Musings on the Motoring World

Our Autonomous Future Part 1: The Inevitable Transition

Industry veteran and serial straight-talker Bob Lutz stirred the hornet’s nest recently by declaring that the automotive industry is on its last legs, 20 years to be exact before the autonomous revolution would render all human-operated cars, buses, and lorries, redundant.

The outspoken businessman envisioned a future where driverless faceless electric pods zipping around city centres picking up passengers and dropping them off at their destination with all transactions and interactions being done wirelessly and instantaneously.

It is the veritable utopia futurists has been talking of for decades and Lutz believed that many will see it within their lifetime. The only caveat in his prediction is that traditional car ownership would ultimately evaporate along with the vast car industry that supports it as the main players of transportation will be today’s transport disruptors such as Uber and Google who are busily developing autonomous technology. Non-autonomous modes of transport would be banned, the vast majority destined for the scrap.

Predictably, the audience of the outlets who reported on his prognosis – car enthusiasts sites in particular – were livid.

The reaction was expected, and many thought that the headstrong former chief was just drumming up some publicity to make himself seem relevant to the industry again, though it is hard not to ignore his opinion considering where he is coming from.

Lutz has had a stunning 47-year career in the automotive industry where he held senior executive positions in BMW, Ford, Chrysler, and General Motors when it was still the largest car company in the world. And though he has retired from his place of prominence in General Motors, he hasn’t left the automotive industry either and still runs a small automotive firm called VLF Automotive.

You can’t dismiss him as just another faceless bean counting corporate luddite who is only excited about expanding profit margins and SUV ranges. He was responsible for the development of the Dodge Viper at Chrysler, brought the third-generation Holden Monaro into the United States as the Pontiac GTO, revived the Chevrolet Camaro into a modern icon, and was responsible for setting Cadillac back on course to becoming the preeminent American luxury brand.  Lutz not only knows the business like few others, he is also a proper petrolhead.

Personally I felt that his statements were a little misconstrued as outside the well-developed nations of North America, Western Europe, East Asia, and Australia and New Zealand, autonomous vehicles wouldn’t be able to cope with navigating the chaos of Mumbai nor would logistics providers want to risk their sophisticated machinery being vandalised on the streets of Rio de Janeiro. Ironically these two city centres are currently at the heart of some of the biggest (and growing) automotive markets in the world with manufacturers flocking there in droves.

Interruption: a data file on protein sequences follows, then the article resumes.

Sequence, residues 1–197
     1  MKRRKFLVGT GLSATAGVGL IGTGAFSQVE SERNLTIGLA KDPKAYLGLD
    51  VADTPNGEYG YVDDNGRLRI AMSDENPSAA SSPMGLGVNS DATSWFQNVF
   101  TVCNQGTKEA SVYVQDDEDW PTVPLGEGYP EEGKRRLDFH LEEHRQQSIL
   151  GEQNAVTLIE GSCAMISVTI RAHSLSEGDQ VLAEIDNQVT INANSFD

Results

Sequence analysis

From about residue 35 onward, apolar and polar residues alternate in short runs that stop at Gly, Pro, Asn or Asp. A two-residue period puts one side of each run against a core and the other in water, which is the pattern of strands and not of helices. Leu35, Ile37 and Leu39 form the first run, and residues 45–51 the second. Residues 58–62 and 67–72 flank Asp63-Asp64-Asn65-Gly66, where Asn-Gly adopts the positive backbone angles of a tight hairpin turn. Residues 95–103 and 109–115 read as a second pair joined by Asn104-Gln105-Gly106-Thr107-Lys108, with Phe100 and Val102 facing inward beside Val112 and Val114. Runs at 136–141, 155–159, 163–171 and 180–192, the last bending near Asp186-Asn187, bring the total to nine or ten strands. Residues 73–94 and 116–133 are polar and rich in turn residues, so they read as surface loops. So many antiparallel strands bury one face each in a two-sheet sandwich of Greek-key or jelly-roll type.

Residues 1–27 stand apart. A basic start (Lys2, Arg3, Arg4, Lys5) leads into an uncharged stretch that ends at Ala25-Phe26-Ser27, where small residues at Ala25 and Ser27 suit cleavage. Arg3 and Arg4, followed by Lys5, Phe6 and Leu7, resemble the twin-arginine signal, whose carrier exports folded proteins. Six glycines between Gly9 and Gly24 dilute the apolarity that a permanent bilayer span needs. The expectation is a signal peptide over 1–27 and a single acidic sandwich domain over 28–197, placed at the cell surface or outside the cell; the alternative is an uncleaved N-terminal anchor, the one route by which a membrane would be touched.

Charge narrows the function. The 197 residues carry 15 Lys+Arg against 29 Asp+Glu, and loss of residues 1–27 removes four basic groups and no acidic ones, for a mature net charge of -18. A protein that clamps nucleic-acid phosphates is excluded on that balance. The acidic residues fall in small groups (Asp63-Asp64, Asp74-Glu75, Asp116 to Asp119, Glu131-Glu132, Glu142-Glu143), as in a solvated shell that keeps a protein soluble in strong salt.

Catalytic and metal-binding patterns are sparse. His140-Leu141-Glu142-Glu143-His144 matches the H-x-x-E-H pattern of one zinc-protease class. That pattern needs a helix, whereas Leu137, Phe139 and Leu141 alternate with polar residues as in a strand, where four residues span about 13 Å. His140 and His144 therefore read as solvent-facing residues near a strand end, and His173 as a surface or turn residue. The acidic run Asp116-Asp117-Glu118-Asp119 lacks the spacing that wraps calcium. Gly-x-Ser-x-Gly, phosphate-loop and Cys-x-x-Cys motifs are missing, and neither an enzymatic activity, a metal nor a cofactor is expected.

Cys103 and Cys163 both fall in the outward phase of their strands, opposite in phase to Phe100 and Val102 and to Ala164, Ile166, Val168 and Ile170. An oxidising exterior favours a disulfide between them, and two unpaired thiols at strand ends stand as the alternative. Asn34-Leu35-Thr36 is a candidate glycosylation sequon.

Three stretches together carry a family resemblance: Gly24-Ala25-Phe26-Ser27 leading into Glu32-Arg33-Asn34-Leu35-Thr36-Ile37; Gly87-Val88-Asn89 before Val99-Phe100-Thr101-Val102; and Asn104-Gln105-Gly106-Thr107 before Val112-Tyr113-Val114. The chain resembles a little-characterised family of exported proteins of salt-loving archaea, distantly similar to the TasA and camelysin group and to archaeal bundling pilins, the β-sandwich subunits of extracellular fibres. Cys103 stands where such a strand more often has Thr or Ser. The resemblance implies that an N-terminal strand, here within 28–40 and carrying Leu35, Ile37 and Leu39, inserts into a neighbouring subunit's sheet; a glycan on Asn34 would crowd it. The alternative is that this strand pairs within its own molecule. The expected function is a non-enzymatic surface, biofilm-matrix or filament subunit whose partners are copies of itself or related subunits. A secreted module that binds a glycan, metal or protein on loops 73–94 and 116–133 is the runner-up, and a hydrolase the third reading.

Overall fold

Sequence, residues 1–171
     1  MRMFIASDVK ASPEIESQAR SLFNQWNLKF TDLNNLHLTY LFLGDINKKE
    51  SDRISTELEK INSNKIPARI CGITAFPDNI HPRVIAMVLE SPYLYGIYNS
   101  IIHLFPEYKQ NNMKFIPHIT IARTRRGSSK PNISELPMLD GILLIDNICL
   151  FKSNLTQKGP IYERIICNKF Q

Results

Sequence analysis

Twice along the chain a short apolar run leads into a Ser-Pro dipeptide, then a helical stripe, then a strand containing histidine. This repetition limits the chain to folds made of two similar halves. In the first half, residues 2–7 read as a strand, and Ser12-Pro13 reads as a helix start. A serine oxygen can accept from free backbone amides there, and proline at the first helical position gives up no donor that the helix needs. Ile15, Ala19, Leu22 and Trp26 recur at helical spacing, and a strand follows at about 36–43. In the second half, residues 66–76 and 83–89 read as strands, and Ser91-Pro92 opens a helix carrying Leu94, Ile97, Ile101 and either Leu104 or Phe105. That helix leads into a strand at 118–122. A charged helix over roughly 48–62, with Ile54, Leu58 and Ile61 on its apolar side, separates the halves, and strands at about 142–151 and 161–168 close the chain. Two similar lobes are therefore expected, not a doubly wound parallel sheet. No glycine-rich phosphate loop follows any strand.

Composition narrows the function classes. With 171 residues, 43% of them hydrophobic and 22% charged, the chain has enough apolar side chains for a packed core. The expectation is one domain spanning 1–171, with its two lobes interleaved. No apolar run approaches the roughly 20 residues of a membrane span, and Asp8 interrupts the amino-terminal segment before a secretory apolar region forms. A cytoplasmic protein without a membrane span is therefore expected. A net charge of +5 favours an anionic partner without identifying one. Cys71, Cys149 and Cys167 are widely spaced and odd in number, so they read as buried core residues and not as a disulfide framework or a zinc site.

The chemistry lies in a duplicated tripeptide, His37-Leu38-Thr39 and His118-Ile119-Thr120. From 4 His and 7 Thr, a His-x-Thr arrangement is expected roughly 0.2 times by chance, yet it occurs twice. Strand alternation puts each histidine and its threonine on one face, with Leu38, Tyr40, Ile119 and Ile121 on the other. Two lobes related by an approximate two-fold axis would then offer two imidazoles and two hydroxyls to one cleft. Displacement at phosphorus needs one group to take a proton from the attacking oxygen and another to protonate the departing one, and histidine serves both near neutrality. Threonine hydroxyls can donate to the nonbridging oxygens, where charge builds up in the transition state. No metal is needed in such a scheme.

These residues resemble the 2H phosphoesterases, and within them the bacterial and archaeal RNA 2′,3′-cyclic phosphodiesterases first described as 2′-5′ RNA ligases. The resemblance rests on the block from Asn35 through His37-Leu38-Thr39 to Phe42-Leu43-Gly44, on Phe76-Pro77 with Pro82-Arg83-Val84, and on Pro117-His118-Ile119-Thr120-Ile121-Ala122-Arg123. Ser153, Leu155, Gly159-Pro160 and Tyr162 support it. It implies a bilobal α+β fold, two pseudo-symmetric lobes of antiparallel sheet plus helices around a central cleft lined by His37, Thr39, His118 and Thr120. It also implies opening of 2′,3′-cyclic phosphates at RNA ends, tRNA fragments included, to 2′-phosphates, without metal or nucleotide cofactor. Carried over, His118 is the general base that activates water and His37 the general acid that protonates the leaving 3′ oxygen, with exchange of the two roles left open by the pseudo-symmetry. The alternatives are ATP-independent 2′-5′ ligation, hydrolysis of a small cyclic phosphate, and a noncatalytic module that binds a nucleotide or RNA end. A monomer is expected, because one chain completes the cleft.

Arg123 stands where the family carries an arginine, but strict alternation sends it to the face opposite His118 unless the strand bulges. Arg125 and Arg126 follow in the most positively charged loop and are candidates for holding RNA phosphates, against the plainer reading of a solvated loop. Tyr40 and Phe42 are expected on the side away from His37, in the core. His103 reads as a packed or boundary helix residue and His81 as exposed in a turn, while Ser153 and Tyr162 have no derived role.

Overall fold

The looking glass Lutz is gazing through is convexed by his own experience as an executive overseeing mature and saturated markets with well-developed infrastructure and systems of governance. Nothing more than a citizen of a first-world nation looking through the narrow viewpoints of a developed society and painting the world in overly broad strokes. General Motors’ failure in the early 2000s to make a significant impact in developing markets outside North America is proof of that.

Even if what Lutz says were to come to bear in the markets that he is familiar with, these developing markets outside his scope would easily sustain the current business model for years, if not decades to come.

Still, we cannot deny the ability for autonomous technology to exponentially improve itself, and when the day comes that autonomous transportation is finally able to overcome the hurdles of poor infrastructure, or such societies would eventually right themselves, it is unlikely that these developing nations will remain as guardians of a (car) culture that isn’t their own, but would easily capitulate into adopting the coming autonomous revolution. Maybe not in a time frame that is as immediate as its developed neighbours, maybe not within the next two decades, but sooner or later the transition will inevitably happen.

In my thoughts on building a case to debunk Lutz’s claim, I reached what one might call an epiphany. The more I observed how the world is changing, and more importantly, how we got here, the more I began to subscribe to his version of the automotive endgame. I realised that the path towards the dominance of autonomous cars isn’t being built right now by scientists and legislators, it has already been laid by unintentional changes in social, economic, and political forces in the world that will steer us towards it whether we like it or not.

To see the beginning of the new epoch we must first delve into the end of the old, the end of a 6000-year-old era, the end of the age of the horse.

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This is the first part of the four-part series titled Our Autonomous Future. Read on with Part 2, Part 3, and Epilogue.

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